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Rare suffragette board game coming to auction

An original example of the rare suffragette board game Pank-a-Squith is coming to auction at Hansons Auctioneers.
The incomplete version, which is missing its board, is valued at £100 ($138) ahead of the March 27 sale. Complete versions have sold for up to £4,000 ($5,525), such is the game’s rarity and historical importance.

The Women’s Social and Political Union (WSPU), headed by vocal suffragette campaigner Emmeline Pankhurst, began selling the game in high street shops in 1909. The WSPU hoped sales would raise funds for the increasingly high profile women’s suffrage campaign.

Pank-a-Squith takes its name from Pankhurst and then prime minister Herbert Asquith, who steadfastly refused to consider the possibility of British women gaining the vote. The status quo had brought Asquith to power. He was not about to change that status quo.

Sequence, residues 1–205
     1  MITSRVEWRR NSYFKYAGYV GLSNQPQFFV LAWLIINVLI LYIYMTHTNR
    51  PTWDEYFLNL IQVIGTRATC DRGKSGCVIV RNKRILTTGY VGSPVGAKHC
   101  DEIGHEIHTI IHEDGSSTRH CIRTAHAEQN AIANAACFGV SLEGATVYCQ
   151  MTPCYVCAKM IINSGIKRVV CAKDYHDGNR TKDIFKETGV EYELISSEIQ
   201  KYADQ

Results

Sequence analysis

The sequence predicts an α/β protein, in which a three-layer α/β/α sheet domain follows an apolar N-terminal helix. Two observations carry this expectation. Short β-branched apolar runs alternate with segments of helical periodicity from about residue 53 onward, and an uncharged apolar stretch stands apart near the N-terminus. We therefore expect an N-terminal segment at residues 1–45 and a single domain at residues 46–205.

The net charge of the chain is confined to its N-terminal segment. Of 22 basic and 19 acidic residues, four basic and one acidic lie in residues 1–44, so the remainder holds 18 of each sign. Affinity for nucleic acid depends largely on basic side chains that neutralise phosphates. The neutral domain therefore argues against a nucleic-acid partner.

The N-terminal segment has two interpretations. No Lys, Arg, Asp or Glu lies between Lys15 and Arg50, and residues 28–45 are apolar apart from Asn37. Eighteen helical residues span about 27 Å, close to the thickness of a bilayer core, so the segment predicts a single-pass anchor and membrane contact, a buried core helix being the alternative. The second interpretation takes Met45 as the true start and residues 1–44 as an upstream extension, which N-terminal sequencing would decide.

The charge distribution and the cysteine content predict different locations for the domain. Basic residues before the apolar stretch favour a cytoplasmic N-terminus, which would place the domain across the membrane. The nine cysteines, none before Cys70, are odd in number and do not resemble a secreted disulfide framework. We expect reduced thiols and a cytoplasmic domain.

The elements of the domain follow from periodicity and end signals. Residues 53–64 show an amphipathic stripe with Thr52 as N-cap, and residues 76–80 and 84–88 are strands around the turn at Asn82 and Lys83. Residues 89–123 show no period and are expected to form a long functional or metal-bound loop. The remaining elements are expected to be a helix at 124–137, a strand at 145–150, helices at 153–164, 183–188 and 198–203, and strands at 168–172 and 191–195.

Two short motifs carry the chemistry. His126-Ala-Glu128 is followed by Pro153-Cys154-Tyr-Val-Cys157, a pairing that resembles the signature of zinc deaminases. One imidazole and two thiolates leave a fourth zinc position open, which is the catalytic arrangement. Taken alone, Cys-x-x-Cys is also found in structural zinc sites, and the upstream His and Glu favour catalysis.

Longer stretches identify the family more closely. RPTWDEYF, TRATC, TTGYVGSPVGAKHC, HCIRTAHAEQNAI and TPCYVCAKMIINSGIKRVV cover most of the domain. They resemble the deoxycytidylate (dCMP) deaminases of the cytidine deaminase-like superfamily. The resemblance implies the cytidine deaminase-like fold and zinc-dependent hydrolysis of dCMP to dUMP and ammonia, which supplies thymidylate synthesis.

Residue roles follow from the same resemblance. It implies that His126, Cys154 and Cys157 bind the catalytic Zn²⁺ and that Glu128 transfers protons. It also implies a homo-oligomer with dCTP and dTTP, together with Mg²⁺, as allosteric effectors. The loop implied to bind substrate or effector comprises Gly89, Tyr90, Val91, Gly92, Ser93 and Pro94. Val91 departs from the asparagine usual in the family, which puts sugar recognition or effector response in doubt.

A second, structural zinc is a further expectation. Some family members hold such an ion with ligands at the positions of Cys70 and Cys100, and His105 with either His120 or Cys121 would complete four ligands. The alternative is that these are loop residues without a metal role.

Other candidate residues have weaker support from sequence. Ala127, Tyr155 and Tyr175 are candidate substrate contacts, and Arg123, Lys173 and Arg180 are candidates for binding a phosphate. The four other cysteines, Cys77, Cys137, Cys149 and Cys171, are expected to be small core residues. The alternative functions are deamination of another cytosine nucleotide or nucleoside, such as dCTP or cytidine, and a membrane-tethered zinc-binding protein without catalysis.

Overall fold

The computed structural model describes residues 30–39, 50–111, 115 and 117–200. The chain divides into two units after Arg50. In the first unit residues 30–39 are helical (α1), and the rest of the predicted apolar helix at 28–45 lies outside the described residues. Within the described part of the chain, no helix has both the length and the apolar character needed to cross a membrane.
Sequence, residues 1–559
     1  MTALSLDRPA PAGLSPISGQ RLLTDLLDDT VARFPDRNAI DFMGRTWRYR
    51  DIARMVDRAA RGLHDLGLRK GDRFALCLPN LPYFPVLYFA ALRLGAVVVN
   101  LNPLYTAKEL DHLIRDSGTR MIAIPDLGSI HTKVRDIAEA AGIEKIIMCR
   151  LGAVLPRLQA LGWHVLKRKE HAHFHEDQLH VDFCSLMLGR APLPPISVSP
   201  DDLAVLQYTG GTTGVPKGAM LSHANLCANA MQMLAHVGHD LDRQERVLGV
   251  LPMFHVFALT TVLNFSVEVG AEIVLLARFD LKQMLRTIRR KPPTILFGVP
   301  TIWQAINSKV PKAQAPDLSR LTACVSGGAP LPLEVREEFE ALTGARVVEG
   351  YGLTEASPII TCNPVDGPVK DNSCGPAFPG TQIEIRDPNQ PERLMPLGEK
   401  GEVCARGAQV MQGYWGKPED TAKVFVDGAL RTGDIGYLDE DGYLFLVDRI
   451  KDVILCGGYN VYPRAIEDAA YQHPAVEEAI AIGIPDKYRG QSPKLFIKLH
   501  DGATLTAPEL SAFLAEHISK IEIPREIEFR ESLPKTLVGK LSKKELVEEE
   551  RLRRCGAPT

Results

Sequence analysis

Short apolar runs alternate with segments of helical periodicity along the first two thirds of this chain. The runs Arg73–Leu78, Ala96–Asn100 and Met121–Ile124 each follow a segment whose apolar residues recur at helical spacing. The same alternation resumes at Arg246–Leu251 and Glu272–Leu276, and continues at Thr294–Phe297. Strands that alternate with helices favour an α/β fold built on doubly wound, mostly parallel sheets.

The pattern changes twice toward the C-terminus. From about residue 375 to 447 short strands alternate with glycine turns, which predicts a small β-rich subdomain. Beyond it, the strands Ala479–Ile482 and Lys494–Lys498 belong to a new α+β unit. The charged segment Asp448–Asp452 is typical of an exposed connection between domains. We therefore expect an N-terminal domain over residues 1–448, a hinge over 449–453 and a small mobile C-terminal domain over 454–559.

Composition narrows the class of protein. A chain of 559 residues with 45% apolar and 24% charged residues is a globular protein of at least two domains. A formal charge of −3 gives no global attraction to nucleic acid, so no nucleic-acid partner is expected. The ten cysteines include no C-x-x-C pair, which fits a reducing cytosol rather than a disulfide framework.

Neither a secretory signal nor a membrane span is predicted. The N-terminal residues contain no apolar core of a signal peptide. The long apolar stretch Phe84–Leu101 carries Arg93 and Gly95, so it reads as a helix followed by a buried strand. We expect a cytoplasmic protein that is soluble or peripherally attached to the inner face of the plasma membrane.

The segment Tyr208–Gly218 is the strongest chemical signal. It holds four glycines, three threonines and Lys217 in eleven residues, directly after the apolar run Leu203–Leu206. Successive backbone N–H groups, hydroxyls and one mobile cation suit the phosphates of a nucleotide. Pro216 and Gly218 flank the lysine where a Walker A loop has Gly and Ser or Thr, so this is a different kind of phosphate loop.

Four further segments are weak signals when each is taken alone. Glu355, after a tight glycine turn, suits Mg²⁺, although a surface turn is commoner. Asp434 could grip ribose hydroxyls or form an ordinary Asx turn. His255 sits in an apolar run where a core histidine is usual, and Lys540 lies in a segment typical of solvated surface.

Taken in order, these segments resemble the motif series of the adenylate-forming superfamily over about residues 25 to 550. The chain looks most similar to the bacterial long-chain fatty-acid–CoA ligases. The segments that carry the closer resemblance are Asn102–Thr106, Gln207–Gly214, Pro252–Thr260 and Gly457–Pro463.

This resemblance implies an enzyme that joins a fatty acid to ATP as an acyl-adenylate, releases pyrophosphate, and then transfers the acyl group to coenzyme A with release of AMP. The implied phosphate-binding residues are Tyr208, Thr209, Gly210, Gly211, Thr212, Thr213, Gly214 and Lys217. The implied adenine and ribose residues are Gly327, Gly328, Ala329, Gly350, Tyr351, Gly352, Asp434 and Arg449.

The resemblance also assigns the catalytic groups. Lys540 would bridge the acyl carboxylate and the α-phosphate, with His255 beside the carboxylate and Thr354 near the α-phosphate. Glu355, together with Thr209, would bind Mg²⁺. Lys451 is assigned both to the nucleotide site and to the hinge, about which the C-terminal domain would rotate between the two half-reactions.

The game is missing its board - hence the low £100 estimate

The game sees players manoeuvre their suffragette figure from her house to “universal suffrage”. But there are several mishaps to avoid on route.

These include Scotland Yard’s Inspector Jarvis, the magistrates court at Bow Street, Holloway Prison and forced feeding – a common occurrence for hunger-striking suffragettes in gaol.

The board, when present, features depictions of broken windows in the Home Office and suffragettes chained to railings – two examples of the WSPU’s policy of civil disturbance.

"It’s a wonderful find. It dates back to around 1909 and is probably German,” said Hansons’ John Keightley, who discovered the game at a recent valuation event.

"It is essentially a glorified version of snakes and ladders where suffragette figures have to negotiate the board while avoiding arrest.

“Objects like this show how advanced the suffragette movement was in terms of making merchandise to back their cause.”

Collectors should be aware that modern reproductions of the game also exist.

This year Britain marks the centenary of women over the age of 30 gaining the vote. Suffrage came to every woman in the UK in 1928.

Values are already strong for British suffrage memorabilia and the high profile commemorations could well push prices higher. Original WSPU scarves featuring the slogan “Votes for Women” auction for around £750 ($1,000).

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